Film reviews: 'Ralph Breaks The Internet warms the cockles of our hearts then breaks them in tiny pieces'
This week's film reviews:
Ralph Breaks The Internet (PG, 112 mins) ****
When it comes to a sequel, go bigger or go home.
Rich Moore and Phil Johnston's imaginative and deeply satisfying follow-up to the 2013 feel-good computer animation Wreck-It Ralph achieves the former without straying far from the latter by propelling its coin-operated arcade game characters into the mind-boggling realms of the World Wide Web.
Ralph Breaks The Internet expands its bewildering array of visual targets to include social media behemoths, video sharing portals and online shopping brands plus those irritating advertising pop-ups which multiply like a virulent fungus.
The naivete of candy-coloured characters in their new home is mined for a steady stream of laughs. "We know where to go if we need a pair of goggles," chirps Ralph (voiced by John C Reilly) as he misreads the name of one search engine and an inaugural visit to an auction website leads to Ralph and best friend Vanellope von Schweetz (Sarah Silverman) merrily bidding against one another.
Ralph Breaks The Internet warms the cockles of our hearts then breaks them in tiny pieces with a sob-inducing finale that cleverly nods to the 1980s arcade classic Donkey Kong.
A wealth of visual gags demands a second viewing and a protracted interlude in the Oh My Disney! fan site, populated by a bevy of animated princesses and characters from the Marvel and Star Wars stables, is a self-referential hoot.
Reilly and Silverman beautifully convey the central friendship through various trials and tribulations. We emerge from the cinema with similarly broad grins and tear-glistened cheeks.
Surviving Christmas with the Relatives, 15, 101 mins ****
At Christmas, families frequently reunite after months apart to celebrate the tidings of the season and gleefully get on each's other nerves over stuffing balls and pigs in blankets.
Sibling rivalry flares during three chaotic days in writer-director James Dearden's gently paced comedy drama.
Miranda (Gemma Whelan) and her husband Dan (Julian Ovenden) are trying to forge a better life for their children away from the hustle and bustle of the city.
They are renovating the ramshackle country house owned by Miranda's parents, which has always hosted the family's Christmas get-togethers.
Honouring this tradition, Miranda and Dan welcome Miranda's sister Lyla (Joely Richardson), a fading Hollywood star in the dying throes of a bad marriage to her alcoholic agent, Trent (Michael Landes).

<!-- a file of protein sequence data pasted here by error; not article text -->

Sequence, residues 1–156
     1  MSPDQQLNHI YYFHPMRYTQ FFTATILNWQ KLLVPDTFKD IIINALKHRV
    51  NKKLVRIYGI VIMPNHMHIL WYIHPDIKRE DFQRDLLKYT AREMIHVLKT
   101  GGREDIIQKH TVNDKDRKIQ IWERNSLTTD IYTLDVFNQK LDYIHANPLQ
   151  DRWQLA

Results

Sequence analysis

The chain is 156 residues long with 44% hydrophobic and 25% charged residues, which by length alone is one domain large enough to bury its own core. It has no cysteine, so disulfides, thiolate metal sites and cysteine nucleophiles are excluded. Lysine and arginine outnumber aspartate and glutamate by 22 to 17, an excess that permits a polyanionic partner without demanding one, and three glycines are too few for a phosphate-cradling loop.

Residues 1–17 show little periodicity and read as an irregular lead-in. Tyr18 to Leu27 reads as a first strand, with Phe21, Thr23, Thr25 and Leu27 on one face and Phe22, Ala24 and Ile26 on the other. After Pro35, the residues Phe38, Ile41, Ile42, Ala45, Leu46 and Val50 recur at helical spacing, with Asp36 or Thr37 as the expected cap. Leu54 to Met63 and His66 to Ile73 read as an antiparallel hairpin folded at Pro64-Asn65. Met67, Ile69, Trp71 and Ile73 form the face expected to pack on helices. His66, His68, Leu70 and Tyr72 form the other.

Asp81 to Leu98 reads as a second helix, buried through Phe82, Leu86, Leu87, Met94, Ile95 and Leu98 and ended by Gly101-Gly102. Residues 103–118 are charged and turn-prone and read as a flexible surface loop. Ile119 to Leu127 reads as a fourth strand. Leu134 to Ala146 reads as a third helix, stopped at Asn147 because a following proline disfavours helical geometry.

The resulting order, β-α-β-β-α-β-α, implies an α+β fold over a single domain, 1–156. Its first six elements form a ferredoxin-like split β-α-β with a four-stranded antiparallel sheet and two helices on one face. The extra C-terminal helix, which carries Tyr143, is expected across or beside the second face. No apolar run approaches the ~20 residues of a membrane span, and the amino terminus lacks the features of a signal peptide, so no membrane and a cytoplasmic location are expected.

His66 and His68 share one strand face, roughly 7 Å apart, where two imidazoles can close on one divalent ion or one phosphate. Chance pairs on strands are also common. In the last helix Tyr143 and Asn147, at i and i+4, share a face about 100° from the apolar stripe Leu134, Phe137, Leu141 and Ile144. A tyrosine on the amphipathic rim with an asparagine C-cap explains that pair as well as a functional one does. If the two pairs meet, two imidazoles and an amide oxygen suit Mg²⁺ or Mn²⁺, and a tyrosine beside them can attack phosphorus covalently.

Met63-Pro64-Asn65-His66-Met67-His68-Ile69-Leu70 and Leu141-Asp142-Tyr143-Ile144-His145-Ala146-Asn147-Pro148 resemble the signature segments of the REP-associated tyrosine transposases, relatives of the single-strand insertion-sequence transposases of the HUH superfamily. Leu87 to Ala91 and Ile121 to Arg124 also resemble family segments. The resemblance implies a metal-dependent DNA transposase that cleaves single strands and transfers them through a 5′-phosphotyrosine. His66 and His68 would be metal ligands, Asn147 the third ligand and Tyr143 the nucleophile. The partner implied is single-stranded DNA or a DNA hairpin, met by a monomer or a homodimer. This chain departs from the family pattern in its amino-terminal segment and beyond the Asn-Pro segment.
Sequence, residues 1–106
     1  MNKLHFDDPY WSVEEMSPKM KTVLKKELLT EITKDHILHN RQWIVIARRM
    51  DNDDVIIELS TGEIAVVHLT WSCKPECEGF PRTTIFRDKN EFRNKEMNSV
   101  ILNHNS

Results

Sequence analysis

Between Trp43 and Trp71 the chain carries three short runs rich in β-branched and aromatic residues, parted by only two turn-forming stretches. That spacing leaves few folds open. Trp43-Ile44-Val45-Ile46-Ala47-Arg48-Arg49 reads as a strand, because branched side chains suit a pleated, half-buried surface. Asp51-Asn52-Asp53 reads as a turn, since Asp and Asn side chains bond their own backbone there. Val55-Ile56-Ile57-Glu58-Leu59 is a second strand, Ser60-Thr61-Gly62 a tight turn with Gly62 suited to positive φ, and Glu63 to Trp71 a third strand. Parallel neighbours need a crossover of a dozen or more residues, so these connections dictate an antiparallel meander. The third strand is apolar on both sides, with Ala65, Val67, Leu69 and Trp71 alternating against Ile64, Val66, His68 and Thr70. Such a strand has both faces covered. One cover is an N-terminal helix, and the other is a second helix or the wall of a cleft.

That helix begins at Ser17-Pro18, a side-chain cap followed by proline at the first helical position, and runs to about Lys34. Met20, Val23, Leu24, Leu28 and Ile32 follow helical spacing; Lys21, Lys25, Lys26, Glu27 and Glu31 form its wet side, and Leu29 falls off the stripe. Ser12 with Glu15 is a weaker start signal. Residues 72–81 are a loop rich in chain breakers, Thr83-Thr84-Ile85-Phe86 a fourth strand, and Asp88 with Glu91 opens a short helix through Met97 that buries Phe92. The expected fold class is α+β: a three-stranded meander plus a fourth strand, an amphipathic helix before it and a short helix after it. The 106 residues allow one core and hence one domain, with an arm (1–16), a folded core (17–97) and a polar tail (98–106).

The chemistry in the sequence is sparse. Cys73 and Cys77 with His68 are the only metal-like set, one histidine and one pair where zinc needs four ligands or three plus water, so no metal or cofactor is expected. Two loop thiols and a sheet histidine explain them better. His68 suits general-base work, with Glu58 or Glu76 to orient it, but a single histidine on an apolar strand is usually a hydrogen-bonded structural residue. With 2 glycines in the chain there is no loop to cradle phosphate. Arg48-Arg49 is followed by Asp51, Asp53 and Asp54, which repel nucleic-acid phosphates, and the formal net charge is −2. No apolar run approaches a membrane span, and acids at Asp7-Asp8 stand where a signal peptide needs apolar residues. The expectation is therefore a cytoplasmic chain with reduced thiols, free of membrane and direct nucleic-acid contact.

The sisters clash, reopening old wounds in the company of other relatives including uncle John (James Fox) and aunt Peggy (Patricia Hodge).
Meanwhile, Miranda and Dan's son Harry (Jonas Moore) wrestles with drug addiction and the growing emotional distance from his loved ones.
Creed II 12A, 130 mins ***
Deep-rooted nostalgia for Rocky fails to deliver a knockout blow in the eighth instalment of the long-running series, which punched well above its weight class in 1977 by winning three Academy Awards including best picture and best director.
Inside the ring, the film is on sure footing and there are familiar bursts of adrenaline for us as well as the characters as they dig deep to overcome dizzying blows and achieve glorious destinies.
Away from the fisticuffs, Juel Taylor and Sylvester Stallone's wistful script raises its gloves to earlier films, most explicitly Rocky IV, in which Soviet brawler Ivan Drago (Dolph Lundgren) delivered a fatal blow to Apollo Creed (Carl Weathers) and then faced Rocky Balboa (Stallone).
More than 30 years after that epic showdown and in search of redemption, Ivan trains his only son Viktor (real-life German boxer Florian Munteanu), moulding him into a fearsome contender for the heavyweight championship belt in the possession of Rocky's protege, Adonis Creed (Michael B Jordan).
"That kid was raised in hate," Rocky warns Adonis, who arrogantly believes he can overcome Drago Jnr without the backing of his mentor and corner man.
Syrupy romantic interludes between Adonis and fiancee Bianca (Tessa Thompson) struggle to up the emotional stakes as the film slugs its way into an unnecessary third hour.